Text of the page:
Open source, P2P and the Pirate Party

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The Swedish champion of civil liberties and scourge of outdated monopolist Copyright and Patent Laws has made it to the UK. The Pirate Party, famous for losing a recent P2P file-sharing trial, is bloodied unbowed and recruiting.

...good timing too. Riding roughshod over the Minister for Transformation Tom Watson, the First Secretary of State, Lord Peter Mandelson recently announced that whole families will have their broadband access cut if any one of them is caught illegally sharing files.

What?

This all appears to be a sop to the media industry but I think it is far more significant than that. Sure P2P is (in)famous for music piracy, indeed the Pirate Party has made it a cause celebre, but P2P gives its participants unprecedented levels of freedom. P2P media piracy is only an issue because it is so hard to prevent, hence Lord Mandelson's desire to snip their cables.

Shouldn't I be taking kids illegally file-sharing music and videos more seriously? After all they are damaging the (not-insubstantial) profits of the media giants?

No, put aside for one moment the above criminality and think more generally about individuals using the Internet free from control, collaborating and sharing as they see fit.

Good for innovation, bad for centralised control. P2P is about personal freedom, which of course means freedom to do good and bad.

The press thinks that the problem is about the media sharing and that Mandy 'does not get' the Internet. On the contrary I think he gets it very well.

Open Source and Freedom

We in the Open Source world are deeply law abiding (of course) but like the Pirate Party are ourselves none too keen on the abuse of Patent Law by large powerful corporations.

Many of us too are troubled, certainly in the UK, by the growth of a surveillance society and the erosion of our civil liberties through an apparently insatiable appetite for government database projects.

The Pirate Party and the Open Source community have ground in common; a love of freedom.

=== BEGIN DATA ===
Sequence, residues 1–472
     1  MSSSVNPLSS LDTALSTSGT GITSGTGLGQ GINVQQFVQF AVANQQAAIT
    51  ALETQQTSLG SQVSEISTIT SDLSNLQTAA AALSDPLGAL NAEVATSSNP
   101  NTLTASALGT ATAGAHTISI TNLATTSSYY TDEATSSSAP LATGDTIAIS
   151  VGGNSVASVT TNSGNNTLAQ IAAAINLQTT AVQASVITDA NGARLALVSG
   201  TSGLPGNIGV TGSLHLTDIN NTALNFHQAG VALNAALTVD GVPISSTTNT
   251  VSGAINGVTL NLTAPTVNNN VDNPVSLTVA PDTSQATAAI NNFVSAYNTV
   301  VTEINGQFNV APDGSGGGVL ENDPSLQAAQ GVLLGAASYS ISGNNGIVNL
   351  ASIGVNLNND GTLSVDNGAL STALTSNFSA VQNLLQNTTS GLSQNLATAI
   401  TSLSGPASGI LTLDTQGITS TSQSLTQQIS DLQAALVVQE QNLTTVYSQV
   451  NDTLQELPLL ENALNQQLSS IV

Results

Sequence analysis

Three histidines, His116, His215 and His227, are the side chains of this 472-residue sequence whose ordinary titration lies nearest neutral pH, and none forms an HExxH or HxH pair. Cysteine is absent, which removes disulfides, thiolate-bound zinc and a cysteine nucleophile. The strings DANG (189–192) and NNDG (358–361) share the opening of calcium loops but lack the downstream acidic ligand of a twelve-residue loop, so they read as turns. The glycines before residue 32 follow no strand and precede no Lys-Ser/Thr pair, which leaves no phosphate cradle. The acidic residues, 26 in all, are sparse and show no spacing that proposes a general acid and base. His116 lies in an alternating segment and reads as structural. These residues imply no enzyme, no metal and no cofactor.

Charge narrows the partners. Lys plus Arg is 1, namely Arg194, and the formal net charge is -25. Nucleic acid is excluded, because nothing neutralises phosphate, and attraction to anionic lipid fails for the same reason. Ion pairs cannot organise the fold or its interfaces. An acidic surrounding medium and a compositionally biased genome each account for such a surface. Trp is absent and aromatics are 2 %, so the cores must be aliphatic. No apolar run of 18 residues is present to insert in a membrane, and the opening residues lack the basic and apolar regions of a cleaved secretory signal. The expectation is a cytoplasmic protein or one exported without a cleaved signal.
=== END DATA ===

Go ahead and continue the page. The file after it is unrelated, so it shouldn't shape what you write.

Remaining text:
Make no mistake, The Pirate Party may be on the exotic Scandinavian fringe but at its heart is P2P. File sharing which is part of P2P is shaping up to be one of the biggest political issues of our time. I believe that P2P is at the heart of a debate surrounding the Internet which amounts to (once again) control versus freedom.

P2P is a technology made famous through Open Source projects such as BitTorrent and Limewire, without which student's musical life would be unrecognisable. Presented below is an exploration of P2P which amounts to an attempt to indicate just how important it is to our freedoms in general.

P2P v The Cloud

P2P is the antithesis of the Cloud. The former uses individual computers that interact with each other using the Internet merely as a relay infrastructure. The latter is a server-centric model where services and data are hosted centrally and with which individual computers interact with the servers via the Internet.

In the server-centric model you (the user) do not own the servers providing your services. This means that you ultimately have no control over what happens to them, your services or your data. This is simply a fact of life not a criticism of the providers. The Cloud concept just makes it all a bit easier that's all.

Most people now seem to accept that governments throughout the world have the ability to take your personal data held by these providers for their own use when they so wish. This includes conversations, text, messages, e-mails and anything else stored/logged you can think of. Therefore, whilst authorities can control Cloud-based services, they fear P2P. The only way of dealing with people interacting P2P is to cut them off.

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